A few days ago, I wrote a Word-of-the-Hrmm blurb about the r-stem noun tǣkra, and in it I had mentioned that the r-stems are a very rare noun class consisting of only eleven nouns in Valthungian. In Gothic, only four are attested: fadar ‘father’, swistar ‘sister’, brōþar ‘brother’, and dauhtar ‘daughter’. English has five, adding ‘mother’ to the list (which all attested Gothic had replaced with aiþei), but these aren’t a particularly special class, since noun stem classes don’t really exist in English anymore, though the irregular plural brethren is at least a hat-tip toward its r-stem past.
The r-stems as a class are unique in that they are, in a way, an actual noun class, consisting exclusively of close family members, rather than just a grammatical class based on stem configuration like the a-, i-, and u-stems.
In Proto-Germanic there are seven nouns reconstructed as r-stems, though one of them, *aihtǣr, is not a family member, but means ‘owner’. The others are: *fadǣr, *mōdǣr, *brōþǣr, *swestǣr, *duhtǣr, and *þeuhtǣr, the last meaning ‘grandson’.
The first anomaly on the winding path to Valthungian’s eleven r-stems: *þeuhtǣr ‘grandson’ came to have a parallel form of *deuhtǣr, probably a dialectal variant somewhere within East Germanic, or possibly even an early borrowing from West Germanic, but more likely an analogy with *duhtǣr ‘daughter’, as this latter form came to mean explicitly ‘granddaughter’. Around 1300ᴀᴅ, however, a new form of þjustʀ for ‘granddaughter’ was innovated in Middle Valthungian, likely an analogy with swistʀ ‘sister’, and *deuhtǣr – by this time dzjūtʀ - underwent an interesting change, being converted to a neuter noun and referring broadly to ‘grandchild’ of either sex. Nouns changing gender is very unusual – though not completely unheard-of in East Germanic – but in this case the change was logical and fairly unremarkable, as the masculine and feminine r-stem nouns had exactly the same declension, and the neuter pronoun was regularly used for plurals containing more than one gender. The only really odd thing about it is that it retains the nominative and accusative plural endings where we would normally expect no ending for the neuter. In modern Valthungian, this word may be found in any gender, as applicable.
Around the same time that Middle Valthungian þjūtʀ was giving rise to þjustʀ and dzjūtʀ was boldly defying the binary, the a-stem tækur ‘brother-in-law’ was being reanalyzed as an r-stem as well, speeding up the dropping of its unstressed vowel.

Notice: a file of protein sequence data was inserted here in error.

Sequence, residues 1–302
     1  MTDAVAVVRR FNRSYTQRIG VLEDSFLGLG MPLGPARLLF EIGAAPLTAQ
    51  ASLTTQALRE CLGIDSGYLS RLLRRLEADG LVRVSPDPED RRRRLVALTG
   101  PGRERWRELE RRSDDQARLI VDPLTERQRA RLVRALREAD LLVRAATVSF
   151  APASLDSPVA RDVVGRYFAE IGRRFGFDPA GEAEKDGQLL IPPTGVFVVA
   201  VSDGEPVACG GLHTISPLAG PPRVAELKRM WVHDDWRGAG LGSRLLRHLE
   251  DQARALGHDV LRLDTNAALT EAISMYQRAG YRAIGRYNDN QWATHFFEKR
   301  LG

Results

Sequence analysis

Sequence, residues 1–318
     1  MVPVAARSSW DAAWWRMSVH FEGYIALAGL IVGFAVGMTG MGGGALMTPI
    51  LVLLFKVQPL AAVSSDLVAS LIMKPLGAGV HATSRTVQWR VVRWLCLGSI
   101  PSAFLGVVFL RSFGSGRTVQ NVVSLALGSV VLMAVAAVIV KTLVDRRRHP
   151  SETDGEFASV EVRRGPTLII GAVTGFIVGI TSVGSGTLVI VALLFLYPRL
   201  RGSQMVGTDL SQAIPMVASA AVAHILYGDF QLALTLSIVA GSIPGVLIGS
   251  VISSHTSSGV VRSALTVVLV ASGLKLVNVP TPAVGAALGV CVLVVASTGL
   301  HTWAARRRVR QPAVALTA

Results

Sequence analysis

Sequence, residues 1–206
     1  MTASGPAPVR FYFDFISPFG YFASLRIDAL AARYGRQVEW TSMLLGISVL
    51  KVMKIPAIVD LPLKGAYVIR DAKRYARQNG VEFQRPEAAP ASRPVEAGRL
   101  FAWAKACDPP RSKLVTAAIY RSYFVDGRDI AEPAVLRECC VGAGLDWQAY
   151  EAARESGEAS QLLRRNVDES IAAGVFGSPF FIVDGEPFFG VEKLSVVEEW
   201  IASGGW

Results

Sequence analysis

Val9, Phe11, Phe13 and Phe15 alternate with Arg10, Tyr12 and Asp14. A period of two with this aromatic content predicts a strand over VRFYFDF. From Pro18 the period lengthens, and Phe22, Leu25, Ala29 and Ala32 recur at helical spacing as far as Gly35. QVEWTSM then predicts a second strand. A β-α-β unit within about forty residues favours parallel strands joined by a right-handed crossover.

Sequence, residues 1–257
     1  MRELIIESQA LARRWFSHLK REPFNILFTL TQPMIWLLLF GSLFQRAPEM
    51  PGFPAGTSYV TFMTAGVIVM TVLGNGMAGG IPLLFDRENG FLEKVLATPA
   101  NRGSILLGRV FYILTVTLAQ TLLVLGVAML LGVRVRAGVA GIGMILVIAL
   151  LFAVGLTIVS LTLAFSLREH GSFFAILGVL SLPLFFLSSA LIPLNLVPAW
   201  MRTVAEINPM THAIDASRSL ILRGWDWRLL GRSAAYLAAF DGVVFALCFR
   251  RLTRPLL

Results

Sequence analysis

Finally, well into the age of Early Modern Valthungian, the other in-laws, now merged as swǣra, but initially with slightly different declensions, started losing some of their weak declensions to r-stem endings, possibly initially to avoid confusion during the era of “syllabic unpacking,” during which pretty much all Middle Valthungian endings containing a sonorant (m, n, r, or l) were suddenly bursting out in a flourish of vowels in occasionally unexpected places.
Structurally, the r-stems are distinguished by a few unique features. The nominative, dative, and accusative are all identical in the singular. The nominative plural shows i-umlaut in those which contain a vowel which can be umlauted. (NB: The vowels of þjūtris, þjustris, and ǧūtris are not umlauted, because they originally all come from the /iu/ diphthong which was not subject to umlaut.) The dative and accusative plurals are those of the u-stems. Finally the genitive plural shows a final –o (in Middle Valthungian –u), consistent with other genitive plurals bedecked with their new-found Latin affix, but rather than the full –aro (from –ārum) ending, only the –o carries through, perhaps because the r-stem made the rest feel redundant.
The r-stems – and, indeed, most familial nouns in Valthungian – tend to be more highly specialized than English, most having some sort of indication of patrilineage. Among the above terms, *þeuhtǣr and all of its descendants, while they do translate to ‘grandchild’, all refer specifically to children of the son. The daughter’s children are all variants of aninkilþ. Also tǣkra fails to cover the entire semantic space of ‘brother-in-law’, referring only to the brother of one’s spouse, while the husband of one’s sibling is ǣðums.
For reference, here are some of the family members beyond the r-stems:
- aunt, father’s sister: faða (ō-stem)
- aunt, mother’s sister: mœuðria (jǭ-stem)
- brother: brōðra (r-stem)
- brother-in-law, sibling’s husband: ǣðums (a-stem), swigra-brōðra (r-stem)
- brother-in-law, spouse’s brother: tǣkra (r-stem), swigra-brōðra (r-stem)
- daughter: dǭtra (r-stem)
- daughter-in-law: brūþs (i-stem), snuža (ō-stem)
- father: faðra (r-stem), āta (ô-stem)
- father-in-law: swǣra (r-stem)
- grandafather, mother’s father: auga (ô-stem)
- grandchild, daughter’s child: aninkilþ (a-stem, neuter)
- grandchild, son’s child: ǧūtra (r-stem, neuter)
- granddaughter, daughter’s daughter: aninkilði (į̄-stem)
- granddaughter, son’s daughter: þjustra (r-stem)
- grandfather, father’s father: ana (ô-stem)
- grandmother, father’s mother: atna (ǭ-stem)
- grandmother, mother’s mother: atma (ǭ-stem)
- grandson, daughter’s son: aninkilþs (a-stem)
- grandson, son’s son: þjūtra (r-stem)
- mother: mōðra (r-stem), ǣði (į̄-stem)
- mother-in-law: swǣra (r-stem)
- nephew, brother’s son: sūtruǧa (jô-stem)
- nephew, sister’s son: niva (ô-stem)
- niece, brother’s daughter: nift (i-stem)
- niece, sister’s daughter: nifča (jô-stem)
- sister: swistra (r-stem)
- sister-in-law, sibling’s wife: swigra-swistra (r-stem)
- sister-in-law, spouse’s sister: swigra-swistra (r-stem)
- son: sunus (u-stem)
- son-in-law: mēǧ (a-stem)
- uncle, father’s brother: faðruǧa (jô-stem)
- uncle, mother’s brother: augahǣms (a-stem)